- Tea Party Patriots call key GOP firing a declaration of war
- 68,000 more file for unemployment — in one week
- Michigan bans in-state insurers from covering abortion
- Nancy Pelosi tells Democrats to pass budget: ‘Embrace the suck’
- Key Obamacare official: Last two months much harder than anyone hoped
- Sen. Mike Lee: We must stop ‘the prez’ from acting like the queen
- George Bush consoles Alabama kicker Cade Foster: You will be stronger
- Megachurch pastor with ties to Obama commits suicide
- WaPo to readers: Send us your ‘gun violence’ stories for Sandy Hook anniversary
- U.S. threatens Ukraine with sanctions over dispatch of riot police
United States Department Of Labor
Latest United States Department Of Labor Items
The number of U.S. citizens who have applied for unemployment benefits soared by 68,000 in one week’s time, bringing the total to 368,000, the Labor Department said on Thursday.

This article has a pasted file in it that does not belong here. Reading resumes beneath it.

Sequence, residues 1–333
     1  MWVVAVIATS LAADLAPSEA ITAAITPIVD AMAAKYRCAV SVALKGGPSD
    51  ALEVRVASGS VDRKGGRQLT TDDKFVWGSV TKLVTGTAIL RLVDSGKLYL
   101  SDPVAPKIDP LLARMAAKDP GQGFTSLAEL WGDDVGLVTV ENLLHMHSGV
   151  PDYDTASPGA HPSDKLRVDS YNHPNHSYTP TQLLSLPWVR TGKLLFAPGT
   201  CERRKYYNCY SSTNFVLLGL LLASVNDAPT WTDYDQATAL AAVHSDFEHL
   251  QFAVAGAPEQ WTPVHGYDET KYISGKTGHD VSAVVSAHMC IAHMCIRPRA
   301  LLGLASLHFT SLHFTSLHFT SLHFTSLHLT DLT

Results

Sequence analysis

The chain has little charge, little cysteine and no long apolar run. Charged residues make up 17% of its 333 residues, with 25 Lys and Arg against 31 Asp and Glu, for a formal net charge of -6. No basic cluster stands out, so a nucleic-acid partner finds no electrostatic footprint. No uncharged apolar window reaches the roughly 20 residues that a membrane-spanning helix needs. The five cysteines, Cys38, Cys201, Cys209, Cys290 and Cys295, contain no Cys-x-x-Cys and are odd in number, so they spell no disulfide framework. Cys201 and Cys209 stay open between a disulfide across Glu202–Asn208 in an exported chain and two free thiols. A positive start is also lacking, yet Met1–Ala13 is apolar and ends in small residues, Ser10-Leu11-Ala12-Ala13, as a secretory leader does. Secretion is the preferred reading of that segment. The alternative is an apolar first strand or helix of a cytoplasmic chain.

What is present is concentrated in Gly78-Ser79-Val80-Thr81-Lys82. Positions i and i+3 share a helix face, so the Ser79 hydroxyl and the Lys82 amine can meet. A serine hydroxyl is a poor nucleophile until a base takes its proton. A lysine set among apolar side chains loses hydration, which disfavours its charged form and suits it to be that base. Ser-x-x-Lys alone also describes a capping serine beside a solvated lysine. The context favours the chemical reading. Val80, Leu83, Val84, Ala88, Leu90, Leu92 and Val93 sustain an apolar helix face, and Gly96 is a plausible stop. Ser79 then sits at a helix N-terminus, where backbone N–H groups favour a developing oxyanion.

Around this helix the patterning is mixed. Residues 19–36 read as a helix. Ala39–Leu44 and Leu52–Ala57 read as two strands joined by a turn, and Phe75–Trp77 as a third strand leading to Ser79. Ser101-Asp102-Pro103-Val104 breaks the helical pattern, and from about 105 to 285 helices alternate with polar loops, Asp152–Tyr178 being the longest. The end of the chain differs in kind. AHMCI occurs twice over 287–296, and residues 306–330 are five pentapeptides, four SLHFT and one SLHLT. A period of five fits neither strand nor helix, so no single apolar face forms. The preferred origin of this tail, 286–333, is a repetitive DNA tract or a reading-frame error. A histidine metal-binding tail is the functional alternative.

The nation's unemployment rate last month fell sharply from 7.3 percent to 7 percent, the lowest in five years, as businesses added another 203,000 jobs, the Labor Department reported Friday morning.
The number of Americans applying for unemployment benefits tumbled 23,000 last week to 298,000, nearly a six-year low that shows that companies are laying off fewer workers.
A private survey shows U.S. businesses last month added the most jobs in a year, powered by big gains in manufacturing and construction.
Much of the media focus on work-life balance has covered how to juggle a career and raise children, but similar personal and professional sacrifices can be required of those who support aging parents.
When government pays for something, it gets more of it. For the past five years, Congress has been pushing "emergency" subsidies for long-term unemployment, and, not surprisingly, we've been getting more joblessness — a fact some have been working overtime to conceal.
Congress may have defunded the scandal-plagued ACORN in 2009, but its model of merging taxpayer funding with grants from liberal foundations to drive a partisan, pro-union agenda has been copied by others.
When the White House nominated David Weil to be in charge of wage enforcement for the Labor Department, officials stressed his weighty academic credentials as a Boston University professor and Harvard University researcher.
The Dow Jones industrial average closed above 16,000 for the first time Thursday as encouraging news on the job market pushed stocks higher.